Performance - Competitive
For the competitive comparison, I included the 209 and 209+II along with three other dual-drive NASes currently ranking at the top of the NAS Charts: Buffalo TeraStation Duo, QNAP TS-239 Pro and QNAP TS-219P. I also included the previous-generation DS209+, which also still ranks high among dual-drive NASes.
Unfortunately, the 209 and 209+II's unusually high cached performance at lower file sizes compresses the plot scale. So you'll need to look at the table below the plots to really see what's going on.
As expected, the 209+ turns in the slowest RAID 0 write peformance in Figure 22 and also doesn't display the write cache boost shown in the 209 and 209+II. For 1 GB and higher file sizes, the TS-239 Pro and DS209+II are just about equal in the low-to-mid 50 MB/s range, with the DS209 close behind.
Figure 22: Competitive RAID 1 write comparison - 1000 Mbps LAN
Figure 23, showing a comparison of RAID 0 read speed, is easier to read and shows three performance clusters at the larger file sizes. The top group includes the QNAP TS-239 Pro, DS209 and DS209+II in the high 50 MB/s range, followed by the Buffalo Terastation Duo and QNAP TS-219P in the mid-40 MB/s range, then the DS209+ in the mid 30 MB/s range.
Figure 23: Competitive RAID 1 read comparison - 1000 Mbps LAN
Performance - File Copy
The Vista SP1 1000 Mbps RAID 1 file copy write results in Figure 24 show relative rankings similar to those of the iozone-based results, but with a clearer difference among products. For RAID 1 write, the QNAP TS-239 Pro easily outdistances both 209s, coming in at 56.2 MB/s vs. 41.9 and 35.9 for the 209+II and 209 respectively.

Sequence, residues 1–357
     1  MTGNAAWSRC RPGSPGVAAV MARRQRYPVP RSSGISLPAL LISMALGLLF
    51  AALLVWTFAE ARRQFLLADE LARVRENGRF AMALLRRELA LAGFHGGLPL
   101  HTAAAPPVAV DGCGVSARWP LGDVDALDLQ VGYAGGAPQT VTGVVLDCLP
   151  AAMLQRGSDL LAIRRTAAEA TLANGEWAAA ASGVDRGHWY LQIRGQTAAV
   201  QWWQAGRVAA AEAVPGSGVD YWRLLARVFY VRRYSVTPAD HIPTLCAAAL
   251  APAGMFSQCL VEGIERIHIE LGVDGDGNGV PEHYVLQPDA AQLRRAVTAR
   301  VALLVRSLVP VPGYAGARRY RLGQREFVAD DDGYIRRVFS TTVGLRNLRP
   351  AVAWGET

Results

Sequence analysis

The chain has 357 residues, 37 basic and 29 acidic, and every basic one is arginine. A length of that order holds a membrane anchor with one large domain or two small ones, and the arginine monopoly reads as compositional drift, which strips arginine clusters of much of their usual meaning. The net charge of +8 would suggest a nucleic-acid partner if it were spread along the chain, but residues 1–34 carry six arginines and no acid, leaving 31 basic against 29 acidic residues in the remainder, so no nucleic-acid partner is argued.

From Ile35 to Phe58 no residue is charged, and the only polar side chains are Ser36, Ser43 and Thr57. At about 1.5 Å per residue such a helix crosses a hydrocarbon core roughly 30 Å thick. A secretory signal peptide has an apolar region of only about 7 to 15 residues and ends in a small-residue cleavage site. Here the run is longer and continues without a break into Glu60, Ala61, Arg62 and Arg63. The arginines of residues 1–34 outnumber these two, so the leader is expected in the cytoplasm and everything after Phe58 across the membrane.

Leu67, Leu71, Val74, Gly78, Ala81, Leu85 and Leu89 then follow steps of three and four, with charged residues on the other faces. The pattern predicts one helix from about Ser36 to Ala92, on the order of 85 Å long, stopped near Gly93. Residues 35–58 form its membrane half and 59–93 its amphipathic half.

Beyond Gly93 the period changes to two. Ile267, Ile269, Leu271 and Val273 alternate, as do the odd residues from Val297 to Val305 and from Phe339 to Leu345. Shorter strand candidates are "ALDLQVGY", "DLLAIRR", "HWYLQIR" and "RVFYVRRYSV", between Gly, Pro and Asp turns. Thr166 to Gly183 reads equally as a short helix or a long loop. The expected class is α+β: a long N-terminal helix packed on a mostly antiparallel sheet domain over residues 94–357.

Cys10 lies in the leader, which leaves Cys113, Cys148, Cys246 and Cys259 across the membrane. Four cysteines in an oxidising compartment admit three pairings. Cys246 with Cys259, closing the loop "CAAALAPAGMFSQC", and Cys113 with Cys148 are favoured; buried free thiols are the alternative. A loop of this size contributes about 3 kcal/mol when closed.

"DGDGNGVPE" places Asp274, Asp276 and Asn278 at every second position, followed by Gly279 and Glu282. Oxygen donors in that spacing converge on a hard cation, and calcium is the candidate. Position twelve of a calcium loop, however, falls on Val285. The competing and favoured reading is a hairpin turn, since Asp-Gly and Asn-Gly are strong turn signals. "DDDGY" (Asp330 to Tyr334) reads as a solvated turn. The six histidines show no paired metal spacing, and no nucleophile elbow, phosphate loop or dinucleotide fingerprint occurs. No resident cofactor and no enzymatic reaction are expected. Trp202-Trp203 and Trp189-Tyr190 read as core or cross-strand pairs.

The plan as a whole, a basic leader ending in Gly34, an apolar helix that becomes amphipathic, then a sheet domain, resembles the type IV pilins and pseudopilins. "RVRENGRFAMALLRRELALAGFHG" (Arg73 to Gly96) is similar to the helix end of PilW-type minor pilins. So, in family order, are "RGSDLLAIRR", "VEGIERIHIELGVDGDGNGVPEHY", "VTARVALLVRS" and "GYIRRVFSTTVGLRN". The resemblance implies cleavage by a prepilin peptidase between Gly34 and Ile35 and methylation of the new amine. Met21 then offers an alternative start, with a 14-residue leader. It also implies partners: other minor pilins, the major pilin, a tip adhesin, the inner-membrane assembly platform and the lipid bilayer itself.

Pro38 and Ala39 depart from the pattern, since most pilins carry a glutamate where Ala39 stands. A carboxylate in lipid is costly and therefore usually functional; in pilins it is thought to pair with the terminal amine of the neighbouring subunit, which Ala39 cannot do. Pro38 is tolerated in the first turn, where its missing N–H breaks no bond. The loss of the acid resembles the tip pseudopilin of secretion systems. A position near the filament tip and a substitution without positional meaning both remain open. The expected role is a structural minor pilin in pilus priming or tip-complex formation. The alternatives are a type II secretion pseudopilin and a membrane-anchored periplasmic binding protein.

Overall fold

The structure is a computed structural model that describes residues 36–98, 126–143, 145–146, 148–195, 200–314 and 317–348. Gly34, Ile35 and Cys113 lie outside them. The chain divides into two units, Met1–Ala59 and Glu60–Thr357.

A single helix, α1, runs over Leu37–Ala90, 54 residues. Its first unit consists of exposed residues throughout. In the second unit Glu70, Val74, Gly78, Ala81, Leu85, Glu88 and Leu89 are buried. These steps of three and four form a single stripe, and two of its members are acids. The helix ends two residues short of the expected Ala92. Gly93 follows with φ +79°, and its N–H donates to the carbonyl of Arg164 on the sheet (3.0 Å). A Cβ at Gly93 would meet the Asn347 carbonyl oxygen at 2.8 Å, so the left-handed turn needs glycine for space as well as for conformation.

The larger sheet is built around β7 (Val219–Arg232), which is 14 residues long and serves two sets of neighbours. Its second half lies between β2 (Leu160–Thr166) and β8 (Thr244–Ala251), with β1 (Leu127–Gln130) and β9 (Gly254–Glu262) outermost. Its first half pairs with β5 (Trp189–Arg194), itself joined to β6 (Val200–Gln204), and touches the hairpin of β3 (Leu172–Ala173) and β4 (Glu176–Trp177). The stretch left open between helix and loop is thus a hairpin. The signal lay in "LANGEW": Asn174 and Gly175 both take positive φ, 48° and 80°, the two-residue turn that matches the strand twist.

Figure 24: RAID 1 Vista SP1 File Copy Write
Figure 25 shows the 1000 Mbps RAID 1 File Copy read ranking, which are surprising. The TS-239 Pro stays in the 50 MB/s range, but both 209s jump up to the low 70 MB/s! I wouldn't attach too much significance to the fact that the 209 came in higher than the 209+II.
Figure 25: RAID 5 Vista SP1 File Copy Read
Use the NAS Charts to further explore performance.
Synology's latest OS enhancements continue to make its NASes among the most sought-after by discriminating NAS buyers. The addition of iSCSI target support finally removes a competitive disadvantage for business buyers. And the iPhone / iTouch remote photo and music access is sure to please owners of those popular toys, uh, tools.
The bottom line is that there is suprisingly little performance difference between the DS209+II and confusingly-named DS209. And since the 209 is about $150 cheaper than the 209+II and around $50 less expensive than the previous-generation 209+, it's clearly the smartest buy. The only thing you'll be giving up is the eSATA port. But slower backups may be a small price to pay for big cost savings.
Synology had this comment about the performance of the DS209 and 209+II:
The biggest difference is that the DS209+II is made for multi-user environments. The greater pricing for the DS209+II is for the ability for many users to not affect bandwidth. For example, in our testing, 22 clients can be reading/writing consistently to the DS209+II at 2 MB/sec while the DS209 falls to .8 MB/sec when 22 clients perform the same actions.